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15 named Cornish speakers who lived after Dolly Pentreath and before the revival.

Dolly Pentreath didn't speak a word of English until her twenties, so we can safely say that she was a monoglot in her adulthood, I am not aware of how much English she actually did speak and have been meaning to check the contemporary sources for a while now.

There are over a dozen named Cornish speakers that lived after her death. John Nancarrow of Marazion, not yet forty in 1777. William Bodinar, died 1789, would chat for hours in Cornish with Dolly. An engineer from Truro called Thompson who was the author of Dolly Pentreath's epitaph and was said to have known far more Cornish than she ever did. Ann Wallis, died c. 1844. Jane Barnicoate, died c. 1857. Mary Kelynack. John Tremethack, died 1852 at the age of eighty-seven. George Badcock, grandfather of Bernard Victor of Mousehole, taught some Cornish to his grandson who went on to impart much of his knowledge to Cornish revivalists Rev. Lach-Szyrma, Henry Jenner, and Fred W. P. Jago. Anne Berryman (1766–1854), of Boswednack, Zennor. John Davey Snr. and John Davey Jnr., died 1891, also of Boswednack. There is good evidence that at least three native speakers outlived John Davey junior: Jacob Care of St Ives, died 1892; Elizabeth Vingoe of Higher Boswarva, Madron, died 1903, who taught at least some Cornish to her son; and John Mann of St Just, alive in 1914.

One of the main definitions of a living language is that it is passed on to children. John Mann was interviewed at the age of 80 in 1914, he said that he had always conversed in Cornish whilst at play as a child in Boswednack.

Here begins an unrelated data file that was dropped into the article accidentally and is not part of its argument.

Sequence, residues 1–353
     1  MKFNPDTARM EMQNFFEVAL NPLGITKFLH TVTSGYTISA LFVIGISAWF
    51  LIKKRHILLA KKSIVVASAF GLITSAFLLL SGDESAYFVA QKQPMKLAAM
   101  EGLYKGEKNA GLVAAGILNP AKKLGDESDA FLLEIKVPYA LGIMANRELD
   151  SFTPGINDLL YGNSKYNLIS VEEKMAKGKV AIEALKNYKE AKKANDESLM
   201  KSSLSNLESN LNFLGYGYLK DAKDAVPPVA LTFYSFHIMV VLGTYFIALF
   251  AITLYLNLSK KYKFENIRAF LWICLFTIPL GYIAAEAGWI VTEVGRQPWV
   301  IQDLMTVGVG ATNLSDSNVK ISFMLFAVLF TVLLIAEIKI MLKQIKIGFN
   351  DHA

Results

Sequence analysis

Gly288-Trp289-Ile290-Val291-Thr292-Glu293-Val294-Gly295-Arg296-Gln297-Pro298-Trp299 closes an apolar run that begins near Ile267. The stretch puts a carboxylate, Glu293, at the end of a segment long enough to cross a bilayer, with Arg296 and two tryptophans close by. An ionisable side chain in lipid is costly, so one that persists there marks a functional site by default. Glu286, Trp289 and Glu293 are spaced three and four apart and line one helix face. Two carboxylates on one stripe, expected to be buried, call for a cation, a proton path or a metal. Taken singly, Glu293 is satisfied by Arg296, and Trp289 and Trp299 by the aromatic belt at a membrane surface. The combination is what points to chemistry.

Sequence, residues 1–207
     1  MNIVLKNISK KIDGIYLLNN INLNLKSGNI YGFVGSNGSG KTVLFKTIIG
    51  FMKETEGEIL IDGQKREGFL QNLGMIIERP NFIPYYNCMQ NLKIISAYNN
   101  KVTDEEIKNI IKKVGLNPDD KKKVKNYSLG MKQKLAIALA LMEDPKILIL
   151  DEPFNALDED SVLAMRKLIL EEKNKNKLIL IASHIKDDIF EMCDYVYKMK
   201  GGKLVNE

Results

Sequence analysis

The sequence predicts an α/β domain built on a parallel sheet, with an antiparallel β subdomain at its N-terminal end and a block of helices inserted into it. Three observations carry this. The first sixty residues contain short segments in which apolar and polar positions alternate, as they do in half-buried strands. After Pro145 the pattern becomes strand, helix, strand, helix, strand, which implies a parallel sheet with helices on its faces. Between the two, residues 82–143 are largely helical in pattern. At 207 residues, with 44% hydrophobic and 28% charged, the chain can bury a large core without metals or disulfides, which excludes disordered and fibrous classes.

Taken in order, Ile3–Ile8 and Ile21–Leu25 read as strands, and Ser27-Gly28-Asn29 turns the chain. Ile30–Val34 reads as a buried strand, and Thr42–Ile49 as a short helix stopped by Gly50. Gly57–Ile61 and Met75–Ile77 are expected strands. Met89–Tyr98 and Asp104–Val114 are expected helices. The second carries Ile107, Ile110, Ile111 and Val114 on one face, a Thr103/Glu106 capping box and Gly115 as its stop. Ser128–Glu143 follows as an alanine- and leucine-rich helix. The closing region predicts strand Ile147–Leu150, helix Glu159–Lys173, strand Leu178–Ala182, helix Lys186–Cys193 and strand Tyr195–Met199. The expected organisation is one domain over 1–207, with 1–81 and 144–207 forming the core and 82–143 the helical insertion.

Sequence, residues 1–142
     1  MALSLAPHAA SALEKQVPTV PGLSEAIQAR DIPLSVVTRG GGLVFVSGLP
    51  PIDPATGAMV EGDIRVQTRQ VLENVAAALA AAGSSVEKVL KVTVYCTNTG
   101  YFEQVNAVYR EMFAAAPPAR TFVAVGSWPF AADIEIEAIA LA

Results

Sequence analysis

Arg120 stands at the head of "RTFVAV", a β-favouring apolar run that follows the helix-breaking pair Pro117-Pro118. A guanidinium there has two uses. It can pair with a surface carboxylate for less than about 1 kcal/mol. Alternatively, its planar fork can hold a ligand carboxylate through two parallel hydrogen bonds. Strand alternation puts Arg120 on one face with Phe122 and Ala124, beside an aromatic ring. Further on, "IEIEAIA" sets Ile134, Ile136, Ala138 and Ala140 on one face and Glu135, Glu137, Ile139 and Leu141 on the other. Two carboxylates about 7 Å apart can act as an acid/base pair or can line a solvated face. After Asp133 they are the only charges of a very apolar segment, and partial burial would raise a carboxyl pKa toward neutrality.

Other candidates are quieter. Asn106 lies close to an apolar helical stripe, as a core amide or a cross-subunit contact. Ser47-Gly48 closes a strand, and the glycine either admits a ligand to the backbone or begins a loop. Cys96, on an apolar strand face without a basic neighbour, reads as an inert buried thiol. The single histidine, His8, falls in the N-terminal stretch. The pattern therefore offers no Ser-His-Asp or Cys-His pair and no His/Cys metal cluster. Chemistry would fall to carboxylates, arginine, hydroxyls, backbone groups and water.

We do know that the Cornish Lord's prayer, Creed and counting systems were used quite widely through the 19th and into the 20th century. In 1935 there was a man who reported that when he was a youth, in about 1875, he used to go to sea with some Newlyn fishermen who were in the habit of speaking Cornish while on the boat and held conversations which lasted up to ten minutes at a time. John Davey Jnr. could converse on a number of subjects in Cornish and was known for songs and poetry learnt from his father. Unfortunately only one piece is known to have been recorded.

A guest post above from the indefatigable Ellery, many thanks to him. If anyone has ever posed the question as to the place of the Cornish language and Cornish dialect on this blog then let me clarify things. My abilities in both do not permit me to do them justice and I have no desire to do anything but a proper job. That being said however if people want to submit articles in either Cornish or  Anglo-cornish dialect that follow the line of the Cornish Republican then I'd be happy to publish them. 

For those who wish to learn Cornish start here: Maga - the Cornish language partnership.

For those that want to learn Cornish dialect start here: The Federation of old Cornwall Societies.

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